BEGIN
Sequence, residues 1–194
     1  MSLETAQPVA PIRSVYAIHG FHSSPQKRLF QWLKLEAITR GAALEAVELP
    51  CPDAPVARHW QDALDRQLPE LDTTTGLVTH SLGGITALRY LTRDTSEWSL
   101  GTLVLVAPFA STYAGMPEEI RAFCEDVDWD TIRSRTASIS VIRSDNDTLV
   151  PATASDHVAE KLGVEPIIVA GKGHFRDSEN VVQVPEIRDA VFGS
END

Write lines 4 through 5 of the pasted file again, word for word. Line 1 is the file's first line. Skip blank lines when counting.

   101  GTLVLVAPFA STYAGMPEEI RAFCEDVDWD TIRSRTASIS VIRSDNDTLV
   151  PATASDHVAE KLGVEPIIVA GKGHFRDSEN VVQVPEIRDA VFGS